I typically have 2 cups of coffee day. If the kids woke up in the middle of the night, I have a deadline at work, or I spent too much time in a discussion on my Facebook page, that number will be more. More than I’d care to admit. This means that per day, I am taking in at least 100 mg of caffeine. I weigh about 60 kg. Using the most conservative RfD, my daily intake should be no higher than 0.0025 x 60 = 0.15 mg.
My actual intake of 100 mg is at least 666 times higher than the most conservative RfD estimate. Even if I use the least conservative number available, the LOAEL for “healthy adults”, my intake is still at least 16 times higher. This is not an atypical level of caffeine exposure, yet most of us are not concerned about this level of exposure. I, and most people I know, consider this a tolerable risk.
Oral RfD for glyphosate
RfDs (analogous to ADIs for acceptable daily intake in the EU) for glyphosate have been established in 2013 by the Environmental Protection Agency (EPA) in the US and in 2015 by European Food Safety Authority (EFSA) in the EU. All data used for the EFSA assessment has been made publicly available.
The paper, entitled “Conclusion on the peer review of the pesticide risk assessment of the active substance glyphosate”, cites over 30 other summaries and reports developed by EFSA, other EU regulatory agencies, the International Agency for Research on Cancer (IARC) and UN committees. The assessment also considered studies submitted by the applicants as is required by law, as well as all published studies for a total of over 6000 pages of documents. The final paper even points out that: “The glyphosate dossier consists of an exceptionally large database, therefore the toxicological evaluation adopted by the RMS (rapporteur Member State) and agreed during the peer review rely on a magnitude of valid studies rather than on one ‘key study’ for each endpoint.”
Basing these decisions on many studies, as was described for caffeine, helps to provide confidence in the calculations, especially when the studies are in agreement. Such a large body of research also helps identify where gaps in knowledge exist and this review found specific gaps for certain ecological measures, but not for human toxicity.
We cannot discuss this process without discussing the elephant in the room. This dossier on glyphosate does include studies from Monsanto. There are a few important points regarding this. Funding by industry and studies carried out by industry have inherent conflicts of interest. However, as I have written about previously, conflicts of interest themselves are not a form of research misconduct.
Conflicts of interests may lead to bias that produces research misconduct. This is why disclosures of conflicts of interest and scrutiny of the data, experimental design and scientific process is so important. We can look at the science itself to see if research misconduct has occurred or if bias has influenced the interpretation of the results. When the committee reviewed the data, they found that the studies from Monsanto are largely in agreement with studies from other sources, demonstrating that, in this case, there does not appear to be any research misconduct.
The EFSA review established an overall long term NOAEL in animals of 100 mg/kg/day for chronic exposures, found no genotoxic potential and no evidence of carcinogenicity. The only evidence for carcinogenicity in animal studies was at doses that exceeded the limit dose of 1000 mg/kg/day (this is a high upper limit of doses considered in risk assessments). *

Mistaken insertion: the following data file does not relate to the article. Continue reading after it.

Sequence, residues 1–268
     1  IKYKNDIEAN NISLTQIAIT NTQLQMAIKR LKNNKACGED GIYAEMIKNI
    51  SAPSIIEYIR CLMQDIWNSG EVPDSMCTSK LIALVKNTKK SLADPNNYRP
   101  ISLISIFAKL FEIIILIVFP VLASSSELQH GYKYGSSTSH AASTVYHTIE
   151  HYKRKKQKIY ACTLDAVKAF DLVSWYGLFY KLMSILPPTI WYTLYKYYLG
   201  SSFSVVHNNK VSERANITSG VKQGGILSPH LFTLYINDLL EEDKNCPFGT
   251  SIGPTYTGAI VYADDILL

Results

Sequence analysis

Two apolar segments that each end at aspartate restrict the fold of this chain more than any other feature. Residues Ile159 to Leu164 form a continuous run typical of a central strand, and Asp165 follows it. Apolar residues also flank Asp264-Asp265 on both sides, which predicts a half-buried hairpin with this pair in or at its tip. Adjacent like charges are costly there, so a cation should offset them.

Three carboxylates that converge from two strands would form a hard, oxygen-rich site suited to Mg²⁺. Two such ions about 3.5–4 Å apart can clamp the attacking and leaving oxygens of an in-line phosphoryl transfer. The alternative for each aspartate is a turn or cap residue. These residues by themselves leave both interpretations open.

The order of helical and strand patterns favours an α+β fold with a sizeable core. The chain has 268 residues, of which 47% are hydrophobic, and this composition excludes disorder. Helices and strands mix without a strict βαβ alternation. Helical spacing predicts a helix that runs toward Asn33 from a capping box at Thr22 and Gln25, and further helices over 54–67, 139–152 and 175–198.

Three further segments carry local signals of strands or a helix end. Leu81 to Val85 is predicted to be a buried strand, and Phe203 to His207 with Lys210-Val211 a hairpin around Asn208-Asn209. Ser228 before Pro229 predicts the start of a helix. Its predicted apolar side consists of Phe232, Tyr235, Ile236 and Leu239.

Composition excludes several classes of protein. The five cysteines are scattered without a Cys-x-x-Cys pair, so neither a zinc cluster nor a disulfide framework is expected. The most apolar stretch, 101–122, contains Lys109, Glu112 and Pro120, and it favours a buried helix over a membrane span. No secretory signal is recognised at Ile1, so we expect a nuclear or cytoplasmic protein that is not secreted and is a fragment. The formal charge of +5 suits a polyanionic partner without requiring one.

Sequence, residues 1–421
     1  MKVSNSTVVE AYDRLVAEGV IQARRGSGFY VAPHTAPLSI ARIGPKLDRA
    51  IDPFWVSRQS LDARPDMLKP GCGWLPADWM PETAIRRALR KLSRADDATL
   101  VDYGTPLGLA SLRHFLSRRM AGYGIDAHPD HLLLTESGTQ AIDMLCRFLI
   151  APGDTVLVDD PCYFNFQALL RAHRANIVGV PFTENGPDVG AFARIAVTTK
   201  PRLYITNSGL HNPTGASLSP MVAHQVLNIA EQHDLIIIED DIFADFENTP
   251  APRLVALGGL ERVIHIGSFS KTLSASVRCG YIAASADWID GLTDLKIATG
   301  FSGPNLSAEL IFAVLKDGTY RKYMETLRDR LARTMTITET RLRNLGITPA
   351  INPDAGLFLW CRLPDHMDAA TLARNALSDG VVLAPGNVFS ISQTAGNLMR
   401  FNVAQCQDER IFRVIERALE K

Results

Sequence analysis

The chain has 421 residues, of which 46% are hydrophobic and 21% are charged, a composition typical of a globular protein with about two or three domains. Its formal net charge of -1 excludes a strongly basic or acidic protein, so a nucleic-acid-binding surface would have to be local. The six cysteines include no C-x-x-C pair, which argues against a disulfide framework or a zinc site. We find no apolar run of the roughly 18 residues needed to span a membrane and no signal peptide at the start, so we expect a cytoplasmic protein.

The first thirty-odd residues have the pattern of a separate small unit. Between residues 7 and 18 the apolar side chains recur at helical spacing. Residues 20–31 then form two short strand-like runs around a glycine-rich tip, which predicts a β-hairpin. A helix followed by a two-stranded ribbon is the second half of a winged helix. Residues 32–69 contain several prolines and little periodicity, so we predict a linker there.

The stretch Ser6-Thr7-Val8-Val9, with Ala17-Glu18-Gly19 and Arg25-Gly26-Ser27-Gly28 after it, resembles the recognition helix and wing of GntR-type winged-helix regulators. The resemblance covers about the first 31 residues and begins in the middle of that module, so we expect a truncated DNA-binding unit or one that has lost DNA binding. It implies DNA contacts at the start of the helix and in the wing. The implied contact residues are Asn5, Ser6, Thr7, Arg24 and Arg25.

It bears mentioning here that IARC concluded something different than EFSA and nearly every other scientific agency on this. IARC conducted a hazard assessment rather than a risk assessment. That is, they looked at whether it was possible for glyphosate to cause cancer at some potential level of exposure rather than at real world exposure levels.
This discrepancy has been extensively dissected elsewhere (start here, here and here and the watch this video from the University of Michigan to explain the difference between hazard and risk). In addition, this calculation is just one aspect of the questions that the public has regarding glyphosate. Many of these questions about glyphosate have addressed in detail here.
As with caffeine, the RfD is calculated from the lowest determined NOAEL. For glyphosate, EFSA based the RfD calculation on the lower NOAEL for maternal and developmental toxicity. Here, the NOAEL of 50 mg/kg/day is divided by an uncertainty factor of 100 to calculate an RfD of 0.5 mg/kg/day**. As a comparison, the EPA has set an RfD of 0.1 mg/kg/day.
We can do the same type of calculation we did above for caffeine to see how this RfD relates to actual exposure data. Agricultural exposures are the highest real world exposures that arise from normal use (i.e. not accidents, murders or suicides).
If we look at the Farm Family Exposure Study data summary (part of the Agricultural Health Study), 60% of pesticide applicators in the study had detectable levels of glyphosate in their urine and the average urine level for was 3.2 parts per billion (ppb). Average urine levels for spouses and children of applicators was less than 1 part per billion with only 4% and 12%, respectively, of each group having detectable exposures.
Actual exposure levels were estimated from these urine levels in this peer reviewed paper. The average exposure of 3.2 ppb for applicators corresponds to a dose of 0.1% of the RfD. Even the highest urine level of 223 ppb reported in the Farm Family Exposure Study corresponds to be only 4% of the RfD. This is equivalent to 0.004 mg/kg/day rather than the RfD of 0.1 mg/kg/day for the most highly exposed individual who didn’t take appropriate safety precautions.